If you have ever questioned how rapidly 5,000 seats in a conference centre auditorium can fill up, Apple’s All over the world Builders Conference is a fantastic gauge. I can say from individual experience that the functioning group of enthusiastic Apple enthusiasts, some of whom have literally knocked me down to the carpeted floor in their hurry to get a seat up front close to firm executives and celebrity guests, has clocked in at 5 minutes — or fewer.
This is why Apple’s conclusion to host a virtual model of WWDC this calendar year in a nod to social distancing amid the — and just after Fb and Google canceled their developer events in Could — was considered as a type of instant in tech land.
Could Apple, whose slickly staged functions have established a higher bar for item unveilings, pull off a virtual keynote with the prosper and aptitude of its in-human being extravaganzas and without the need of the clapping crowds? Could Apple come up with a design for offering product or service news that the rest of the sector might duplicate even though we’re in lockdown? Would reporters, investors and partners tune in and find some thing exciting to check out, with no initially becoming plied with gourmet pastries, vegan snacks and significant-octane espressos brewed by Cafe Mac baristas?
The answer, judging by the reaction I have listened to from builders, field analysts, users and even several of us journalists who’ve also rushed for seats: Yep. And the digital party may be the start off of much more to appear.
“Whilst it can’t possibly really feel the same in in this article with out you,” Apple CEO Tim Cook said at the outset of Monday’s keynote speech, “this calendar year we’re delivering the convention in a full new way to all of you around the environment, right to your household.”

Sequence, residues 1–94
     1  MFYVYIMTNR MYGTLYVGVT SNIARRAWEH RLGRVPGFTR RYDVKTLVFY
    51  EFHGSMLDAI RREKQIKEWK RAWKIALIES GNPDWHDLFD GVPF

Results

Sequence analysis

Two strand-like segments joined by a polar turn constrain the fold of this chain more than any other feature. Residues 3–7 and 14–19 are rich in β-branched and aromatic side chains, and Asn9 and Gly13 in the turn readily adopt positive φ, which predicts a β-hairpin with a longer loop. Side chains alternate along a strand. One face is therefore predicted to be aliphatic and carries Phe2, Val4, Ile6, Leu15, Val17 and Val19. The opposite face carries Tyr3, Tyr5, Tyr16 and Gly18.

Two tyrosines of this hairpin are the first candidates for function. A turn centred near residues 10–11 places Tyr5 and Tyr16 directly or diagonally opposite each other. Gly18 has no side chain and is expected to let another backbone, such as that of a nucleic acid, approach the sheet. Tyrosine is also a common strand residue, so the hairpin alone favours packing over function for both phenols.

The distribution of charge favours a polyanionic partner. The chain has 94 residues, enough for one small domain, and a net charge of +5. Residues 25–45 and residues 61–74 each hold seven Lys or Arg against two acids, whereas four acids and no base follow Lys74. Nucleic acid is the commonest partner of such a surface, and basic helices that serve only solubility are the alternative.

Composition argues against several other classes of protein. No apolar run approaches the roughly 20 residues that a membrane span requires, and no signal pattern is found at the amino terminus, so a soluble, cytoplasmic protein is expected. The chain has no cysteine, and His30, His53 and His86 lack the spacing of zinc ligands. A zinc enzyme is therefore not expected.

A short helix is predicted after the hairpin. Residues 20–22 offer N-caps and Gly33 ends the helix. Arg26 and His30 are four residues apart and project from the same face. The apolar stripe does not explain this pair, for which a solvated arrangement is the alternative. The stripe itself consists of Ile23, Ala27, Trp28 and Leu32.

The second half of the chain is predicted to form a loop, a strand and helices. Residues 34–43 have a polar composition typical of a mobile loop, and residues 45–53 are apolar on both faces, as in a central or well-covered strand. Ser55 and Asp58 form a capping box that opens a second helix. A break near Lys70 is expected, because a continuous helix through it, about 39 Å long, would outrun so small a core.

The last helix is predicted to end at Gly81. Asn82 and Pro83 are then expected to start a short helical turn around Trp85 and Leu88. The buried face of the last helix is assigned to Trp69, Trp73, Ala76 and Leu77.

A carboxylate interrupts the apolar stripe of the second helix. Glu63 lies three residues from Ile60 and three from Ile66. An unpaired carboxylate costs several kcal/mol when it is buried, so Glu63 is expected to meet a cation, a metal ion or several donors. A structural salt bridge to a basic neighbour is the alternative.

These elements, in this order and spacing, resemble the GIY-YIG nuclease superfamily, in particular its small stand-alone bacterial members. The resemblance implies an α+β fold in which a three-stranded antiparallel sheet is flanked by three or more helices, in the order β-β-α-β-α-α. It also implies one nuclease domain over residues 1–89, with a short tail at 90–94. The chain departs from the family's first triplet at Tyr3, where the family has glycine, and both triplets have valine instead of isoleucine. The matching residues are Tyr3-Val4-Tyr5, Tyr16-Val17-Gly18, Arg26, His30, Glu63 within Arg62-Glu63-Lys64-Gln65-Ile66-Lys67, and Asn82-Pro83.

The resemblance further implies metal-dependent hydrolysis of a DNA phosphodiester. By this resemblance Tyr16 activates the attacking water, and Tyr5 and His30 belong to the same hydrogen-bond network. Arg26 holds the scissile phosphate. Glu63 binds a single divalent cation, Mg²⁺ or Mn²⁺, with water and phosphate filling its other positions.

It may not truly feel the exact same as currently being there in man or woman. And don’t get me completely wrong, there is value in owning deal with-to-deal with time with executives and many others. But Apple confirmed that we actually don’t need to travel to protect just about every major products party in man or woman, specially throughout a pandemic.
In a one hour, 48 minute show mostly filmed at the Steve Jobs Theater at the company’s headquarters in Cupertino, California, Cook and a cadre of executives talked about updated versions of Apple’s key software. They demoed the new iOS 14 mobile operating system that powers its money-making iPhone, the latest iteration of the MacOS system software, dubbed Big Sur, and new software features for the Apple Watch, including an app that monitors when you’re washing your hands to let you know if you’ve scrubbed them for long enough. Apple plans to dig deeper into each topic in sessions that are now available to the public.
“This will probably be the most effective WWDC Apple has ever had since it allowed them to bring in more developers than the 5,000 they can squeeze into a physical event,” said longtime analyst Tim Bajarin of Creative Strategies, who has attended hundreds of Apple events. “In that sense, it was a highly successful format that meets the needs of Apple developers.”
Apple didn’t tell me how many people tuned in for the keynote, but WWDC was a trending topic on social media during the event, and iOS 14 remained a top trending term throughout the day. Apple’s shares were also up during the keynote and closed up 2.6 percent to $358.87 in regular trading on Monday, a sign that investors were happy with the software news and the company’s decision to start making Mac computers with its own chips.